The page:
There are at least three categories of dangerous knowledge that terrify priests and preachers:

  • What’s Happening in Jesus Studies? …
  • Church History…at The Beginning …
  • Where Does Religion Come From? …

The die-hard Christians, who read piles of books that shamelessly exploit confirmation bias, will never, ever venture into dangerous categories of knowledge. But there is so much to learn when folks yield to curiosity, when they become suspicious of all those “testimonies.”

Their guiding spirit could well be the apostle Paul: “For I resolved to know nothing while I was with you except Jesus Christ and him crucified.” (I Corinthians 2:2); we might as well shorten it to… “I resolved to know nothing…” But that’s no longer a good example to follow. Author Michael A. Sherlock recently called it correctly on Twitter: “In this age of information if you’re not an atheist, I sincerely hope you’re either illiterate or seven years old.”…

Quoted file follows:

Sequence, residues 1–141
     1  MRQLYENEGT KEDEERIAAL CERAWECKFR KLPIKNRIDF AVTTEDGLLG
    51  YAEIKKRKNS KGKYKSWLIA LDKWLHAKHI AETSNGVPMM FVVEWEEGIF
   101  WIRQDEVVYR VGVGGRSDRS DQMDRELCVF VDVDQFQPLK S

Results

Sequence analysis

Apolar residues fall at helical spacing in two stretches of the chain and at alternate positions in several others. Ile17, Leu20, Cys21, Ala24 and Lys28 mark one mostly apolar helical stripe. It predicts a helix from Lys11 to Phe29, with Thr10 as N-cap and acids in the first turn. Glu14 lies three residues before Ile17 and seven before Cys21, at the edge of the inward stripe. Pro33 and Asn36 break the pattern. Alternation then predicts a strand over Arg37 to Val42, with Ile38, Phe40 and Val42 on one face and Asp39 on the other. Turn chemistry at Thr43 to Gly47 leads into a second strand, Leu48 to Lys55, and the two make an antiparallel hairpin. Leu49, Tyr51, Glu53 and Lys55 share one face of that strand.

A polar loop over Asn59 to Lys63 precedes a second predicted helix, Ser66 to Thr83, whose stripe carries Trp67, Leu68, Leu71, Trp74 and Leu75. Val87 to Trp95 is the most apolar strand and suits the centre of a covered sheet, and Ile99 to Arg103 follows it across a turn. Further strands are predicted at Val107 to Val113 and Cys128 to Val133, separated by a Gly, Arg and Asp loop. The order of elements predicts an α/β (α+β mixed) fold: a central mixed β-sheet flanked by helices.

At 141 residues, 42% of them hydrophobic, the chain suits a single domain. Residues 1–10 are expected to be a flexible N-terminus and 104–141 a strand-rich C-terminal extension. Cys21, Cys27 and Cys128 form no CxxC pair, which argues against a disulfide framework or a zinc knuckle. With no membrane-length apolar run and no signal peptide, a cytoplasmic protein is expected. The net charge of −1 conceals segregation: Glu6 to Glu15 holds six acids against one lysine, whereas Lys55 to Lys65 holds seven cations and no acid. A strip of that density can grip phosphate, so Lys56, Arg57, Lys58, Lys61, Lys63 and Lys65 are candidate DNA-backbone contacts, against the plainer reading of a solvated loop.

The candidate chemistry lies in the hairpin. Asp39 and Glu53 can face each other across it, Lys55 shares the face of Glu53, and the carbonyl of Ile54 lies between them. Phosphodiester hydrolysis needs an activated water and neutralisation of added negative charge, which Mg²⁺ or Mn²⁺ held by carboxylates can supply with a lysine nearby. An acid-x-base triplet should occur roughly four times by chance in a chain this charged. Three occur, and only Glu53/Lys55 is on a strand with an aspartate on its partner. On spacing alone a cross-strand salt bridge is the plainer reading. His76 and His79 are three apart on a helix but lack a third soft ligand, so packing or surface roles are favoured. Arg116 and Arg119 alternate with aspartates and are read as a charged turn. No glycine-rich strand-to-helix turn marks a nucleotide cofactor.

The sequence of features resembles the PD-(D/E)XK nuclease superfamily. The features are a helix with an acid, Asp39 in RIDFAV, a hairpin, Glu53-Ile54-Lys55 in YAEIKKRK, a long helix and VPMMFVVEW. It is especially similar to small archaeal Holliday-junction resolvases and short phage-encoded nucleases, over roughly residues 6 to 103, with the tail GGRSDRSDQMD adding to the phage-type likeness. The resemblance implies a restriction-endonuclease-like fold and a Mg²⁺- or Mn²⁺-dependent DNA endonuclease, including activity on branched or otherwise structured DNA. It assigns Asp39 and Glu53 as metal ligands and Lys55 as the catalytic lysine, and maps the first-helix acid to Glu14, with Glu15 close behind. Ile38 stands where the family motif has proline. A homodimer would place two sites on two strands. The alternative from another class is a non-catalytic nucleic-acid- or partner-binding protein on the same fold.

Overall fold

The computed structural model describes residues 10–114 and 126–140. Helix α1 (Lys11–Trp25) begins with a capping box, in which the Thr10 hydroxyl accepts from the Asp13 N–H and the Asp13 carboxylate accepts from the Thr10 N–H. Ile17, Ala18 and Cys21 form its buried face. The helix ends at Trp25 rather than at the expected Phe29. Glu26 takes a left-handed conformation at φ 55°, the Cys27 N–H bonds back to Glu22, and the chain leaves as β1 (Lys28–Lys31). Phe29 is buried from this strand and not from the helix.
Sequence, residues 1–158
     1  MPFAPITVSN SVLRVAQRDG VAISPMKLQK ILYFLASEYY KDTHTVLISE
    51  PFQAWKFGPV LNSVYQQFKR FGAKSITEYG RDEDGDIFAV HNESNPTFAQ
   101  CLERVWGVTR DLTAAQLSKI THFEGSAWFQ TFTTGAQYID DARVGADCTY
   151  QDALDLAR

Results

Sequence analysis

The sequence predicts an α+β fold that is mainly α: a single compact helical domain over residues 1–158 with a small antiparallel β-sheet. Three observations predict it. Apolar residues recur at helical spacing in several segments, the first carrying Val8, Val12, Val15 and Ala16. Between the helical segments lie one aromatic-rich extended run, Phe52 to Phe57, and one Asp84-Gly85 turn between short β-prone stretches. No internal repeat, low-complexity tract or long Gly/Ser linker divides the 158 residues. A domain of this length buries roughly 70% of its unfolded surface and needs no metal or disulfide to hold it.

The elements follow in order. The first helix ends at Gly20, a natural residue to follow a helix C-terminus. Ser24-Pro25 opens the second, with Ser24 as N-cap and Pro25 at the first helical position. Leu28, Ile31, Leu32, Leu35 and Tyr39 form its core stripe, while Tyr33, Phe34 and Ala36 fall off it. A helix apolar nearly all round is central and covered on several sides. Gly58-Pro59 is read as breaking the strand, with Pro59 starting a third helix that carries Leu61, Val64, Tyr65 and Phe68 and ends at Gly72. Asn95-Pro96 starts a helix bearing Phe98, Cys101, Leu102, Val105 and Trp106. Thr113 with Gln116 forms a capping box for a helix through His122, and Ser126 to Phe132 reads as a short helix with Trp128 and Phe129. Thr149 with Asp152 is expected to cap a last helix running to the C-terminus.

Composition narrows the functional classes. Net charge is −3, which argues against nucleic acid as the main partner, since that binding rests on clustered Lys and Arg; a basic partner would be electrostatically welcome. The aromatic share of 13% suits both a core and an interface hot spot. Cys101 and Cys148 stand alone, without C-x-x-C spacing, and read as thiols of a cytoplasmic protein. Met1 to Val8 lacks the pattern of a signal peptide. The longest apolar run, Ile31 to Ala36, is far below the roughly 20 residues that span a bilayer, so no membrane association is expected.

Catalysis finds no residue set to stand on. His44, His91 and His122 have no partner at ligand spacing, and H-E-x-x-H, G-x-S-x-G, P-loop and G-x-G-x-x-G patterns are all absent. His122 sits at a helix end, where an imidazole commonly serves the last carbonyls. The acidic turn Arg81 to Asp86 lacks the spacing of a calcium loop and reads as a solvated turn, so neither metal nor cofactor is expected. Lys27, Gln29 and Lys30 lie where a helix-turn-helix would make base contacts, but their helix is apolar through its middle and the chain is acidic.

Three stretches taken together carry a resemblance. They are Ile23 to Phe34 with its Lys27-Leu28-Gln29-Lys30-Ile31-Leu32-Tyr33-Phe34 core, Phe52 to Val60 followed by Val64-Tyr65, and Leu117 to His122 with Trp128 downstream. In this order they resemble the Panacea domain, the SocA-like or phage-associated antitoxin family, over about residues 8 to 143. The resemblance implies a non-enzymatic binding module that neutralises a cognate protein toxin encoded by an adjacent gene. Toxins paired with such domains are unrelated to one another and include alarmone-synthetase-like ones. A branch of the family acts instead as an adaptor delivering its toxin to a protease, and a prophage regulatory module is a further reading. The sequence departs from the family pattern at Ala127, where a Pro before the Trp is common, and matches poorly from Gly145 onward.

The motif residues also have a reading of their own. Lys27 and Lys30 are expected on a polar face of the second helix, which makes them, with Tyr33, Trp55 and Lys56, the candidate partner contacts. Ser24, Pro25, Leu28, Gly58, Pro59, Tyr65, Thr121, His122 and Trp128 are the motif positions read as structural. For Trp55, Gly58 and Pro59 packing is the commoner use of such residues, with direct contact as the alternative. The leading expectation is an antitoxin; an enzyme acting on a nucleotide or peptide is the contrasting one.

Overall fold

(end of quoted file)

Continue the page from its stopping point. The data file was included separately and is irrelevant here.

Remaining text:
debunking get-away

by David Madison recommended books

Read your Bible, Ken Ham


(FTB Pharyngula) – PZ Myers:

Here’s a beautiful fossil from the Green River beds, a whole school of fish fossilized in formation.

The article mentions that scientists are uncertain how the animals were locked down in sediments quickly enough to preserve their relative position…or even if this is behavior frozen in time, but maybe an alignment generated by whatever process imbedded them in sediments. It’s something scientists do all the time, admitting that they don’t know something.

Ah, but here comes Ken Ham, professional fool with a sense of absolute certainty. He knows the answer! …

pharyngula read-your-bible-ken

Fossilized fish school

The Bible Against Itself


(Debunking Christianity) – David Madison:

It was a big blunder to publish the four gospels side-by-side; careful readers can see the errors and inconsistencies. It’s probably too harsh to say that the authors were good liars; we should be kind and just accept that they wrote pious fiction. We shouldn’t even look for fragments of history in the gospels; there’s no way to be sure which verses preserve authentic memories of Jesus events.